Healthcare fallacies

By Dr. Philip S. Chua Cebu Daily News First Posted 14:11:00 10/20/2008 Filed Under: Health, Healthcare Providers I just returned from the 94th Annual Clinical Congress of the American College of Surgeons held in San Francisco, California, October 12-16, 2008. Among the hot topics during that convention, besides the various new trends in minimally invasive and robotic surgery, was healthcare delivery system. Thirty-five years ago, the United States enacted the Health Maintenance Organization (HMO) Act of 1973 as a solution to the massive (billion dollars a day) healthcare expenditures. The Americans thought it was the panacea to their healthcare dilemma, and helped pushed for it. But as it turned out, HMO has led to poorer quality of medical care and a lot of bureaucracy and great delays in access to medical care, especially where surgery was concerned. The Americans now realized they made a big mistake and are vehemently complaining to their legislators about it. HMO has now been proven to be “the deadly treatment that is more fatal than the disease.” Today, the US Congress is revisiting the HMO issue. What is HMO? In the traditional patient-doctor arrangement that all of us are familiar with and have been accustomed to, and which is still the predominant existing force in the United States and the Philippine healthcare arena, the patient freely chooses the physician he/she wants to consult. In the HMO system, the patient can only see the physicians who are members of the HMO, even if he/she feels there are other better physicians around, or there is one he/she prefers to see. In some HMOs, the patient cannot even see a specialist directly. He/she has to be referred by the HMO (“Gatekeeper”) doctor to a specialist who also belongs to the same HMO. The patient's freedom of choice is sacrificed. In many cases, even the quality of healthcare, besides the good doctor-patient relationship, suffers. The insurance premium may be cheaper, but it is now apparent to the Americans after that bad experience that indeed, “you get what you pay for.” How was HMO supposed to work? The idea was to cut cost by various methods: requiring pre-certification before a patient is admitted to the hospital, using strict admission criteria; discouraging patients from going to emergency rooms or seeing specialists; mandating physicians to prescribe and use the cheaper generic medications; forcing physicians to use less expensive, and less, diagnostic tests; requiring physicians to discharge their hospital patients sooner, sometimes too soon; decreasing reimbursement to hospitals and physicians by 30 to 50%; refusing to cover and pay physicians and hospitals for certain medical care, illnesses or hospitalization that the company deems “not covered,” etc. It also instituted dozens of “strict and somewhat punitive” rules, criteria, and policies for physicians and hospitals to follow in providing healthcare to patients “if they want to participate in the HMO and be paid at all.”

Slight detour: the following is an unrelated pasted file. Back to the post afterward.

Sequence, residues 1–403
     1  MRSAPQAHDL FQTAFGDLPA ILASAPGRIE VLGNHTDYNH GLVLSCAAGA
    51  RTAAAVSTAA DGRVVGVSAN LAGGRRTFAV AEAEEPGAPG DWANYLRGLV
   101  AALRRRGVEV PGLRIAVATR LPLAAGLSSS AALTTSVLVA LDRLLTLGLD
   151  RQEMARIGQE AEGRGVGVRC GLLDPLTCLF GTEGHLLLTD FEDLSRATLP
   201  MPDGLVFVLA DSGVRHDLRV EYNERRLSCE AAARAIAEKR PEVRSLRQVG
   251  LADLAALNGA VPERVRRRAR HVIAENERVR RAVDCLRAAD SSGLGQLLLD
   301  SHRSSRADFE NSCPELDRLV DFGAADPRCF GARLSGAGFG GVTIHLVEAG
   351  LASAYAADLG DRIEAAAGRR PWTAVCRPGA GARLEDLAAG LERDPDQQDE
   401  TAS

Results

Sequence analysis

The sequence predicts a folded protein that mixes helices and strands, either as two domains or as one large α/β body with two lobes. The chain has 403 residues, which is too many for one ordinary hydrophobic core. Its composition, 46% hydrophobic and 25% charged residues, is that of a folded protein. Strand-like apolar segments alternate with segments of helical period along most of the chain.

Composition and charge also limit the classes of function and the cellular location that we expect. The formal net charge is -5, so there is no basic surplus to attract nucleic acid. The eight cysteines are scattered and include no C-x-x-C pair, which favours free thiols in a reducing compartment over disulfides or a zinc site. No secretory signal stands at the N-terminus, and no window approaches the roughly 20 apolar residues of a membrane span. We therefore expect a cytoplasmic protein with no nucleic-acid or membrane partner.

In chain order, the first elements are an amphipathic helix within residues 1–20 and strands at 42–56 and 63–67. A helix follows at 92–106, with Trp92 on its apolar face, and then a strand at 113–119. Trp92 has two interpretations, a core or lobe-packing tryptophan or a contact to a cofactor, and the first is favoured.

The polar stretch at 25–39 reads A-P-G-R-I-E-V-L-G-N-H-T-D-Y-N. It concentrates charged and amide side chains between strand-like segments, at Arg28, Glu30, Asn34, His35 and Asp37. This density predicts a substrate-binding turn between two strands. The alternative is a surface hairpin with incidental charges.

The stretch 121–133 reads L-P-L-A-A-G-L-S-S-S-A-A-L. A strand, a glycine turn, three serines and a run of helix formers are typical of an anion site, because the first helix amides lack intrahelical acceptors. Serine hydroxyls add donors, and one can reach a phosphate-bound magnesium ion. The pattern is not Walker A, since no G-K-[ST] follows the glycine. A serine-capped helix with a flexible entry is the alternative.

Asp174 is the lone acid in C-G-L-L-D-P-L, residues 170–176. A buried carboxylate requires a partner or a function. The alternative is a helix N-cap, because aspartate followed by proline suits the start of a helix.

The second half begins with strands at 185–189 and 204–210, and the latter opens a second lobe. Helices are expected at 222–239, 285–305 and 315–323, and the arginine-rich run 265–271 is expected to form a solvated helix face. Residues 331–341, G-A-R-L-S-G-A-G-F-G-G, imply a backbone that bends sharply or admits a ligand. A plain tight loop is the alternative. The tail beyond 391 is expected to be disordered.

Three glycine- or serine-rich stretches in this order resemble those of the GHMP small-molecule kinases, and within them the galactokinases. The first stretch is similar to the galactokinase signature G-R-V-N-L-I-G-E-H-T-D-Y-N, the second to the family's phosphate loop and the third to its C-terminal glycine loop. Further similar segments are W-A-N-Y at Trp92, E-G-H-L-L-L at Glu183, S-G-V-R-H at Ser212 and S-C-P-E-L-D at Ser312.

Did HMO help the people? No. Filipinos. our political leaders. our businesses. to adopt it for our country. HMO. yes. will clearly be hazardous to the health and well-being of our country and its people. The traditional healthcare delivery system is still the major force in the country. if allowed to take root and flourish in the Philippines. Since the United States experience with HMO is a catastrophe as the Americans have found out. Reference: http://globalnation. As a matter of fact. Heart Angiogram. as in the case of this American experiment with HMO.” handicapping the physician in his service to his patients. and another 2 decades or so to have the mistake corrected thru legislature. is more of a health menace organization and. the incentive to do their best is not the greatest.inquirer. Since they get paid the same whether they see 20 or 40 patients anyway. Unfortunately.) are considered “too expensive” by HMOs. The US Congress is now re-discussing the HMO issues and exposing the adverse effects of HMO and the resulting deterioration of the healthcare delivery in the country. Let that painful and inhumane national “experiment” in America be a warning for us Filipinos to be vigilant to protect and preserve our most fundamental privileges: quality medical care. it takes years before people find out the painful truth and complain about it. and the freedom of choice. at a most affordable cost. MRI. and the people and our medical care are the better for it. but fortunately HMO in the Philippines is still in its budding stage. whose main concern appears to be their financial bottom line and not the quality of medical care. More sophisticated tests (CT Scan. HMO has adversely affected medical care and healthcare delivery in the United States. In subtle ways. etc. easy access. Hopefully. and the care much less personalized. since HMO doctors are salaried and are assigned too many patients. Patients feel they have lost their freedom of choice of family physicians and specialists. and most eager to throw it out. the Filipinos. Has HMO invaded the Philippines? Unfortunately. as it stands . they discourage the use of what they consider “too costly tests or medications. the quality of healthcare has suffered and access to care more difficult. wouldn't it be stupid for us. hospitals and physicians can unite and prevent the growth and catastrophic onslaught of US-style HMOs on the healthcare system in the Philippines. The wait in the doctor's office is much longer.

Sign up to vote on this title
UsefulNot useful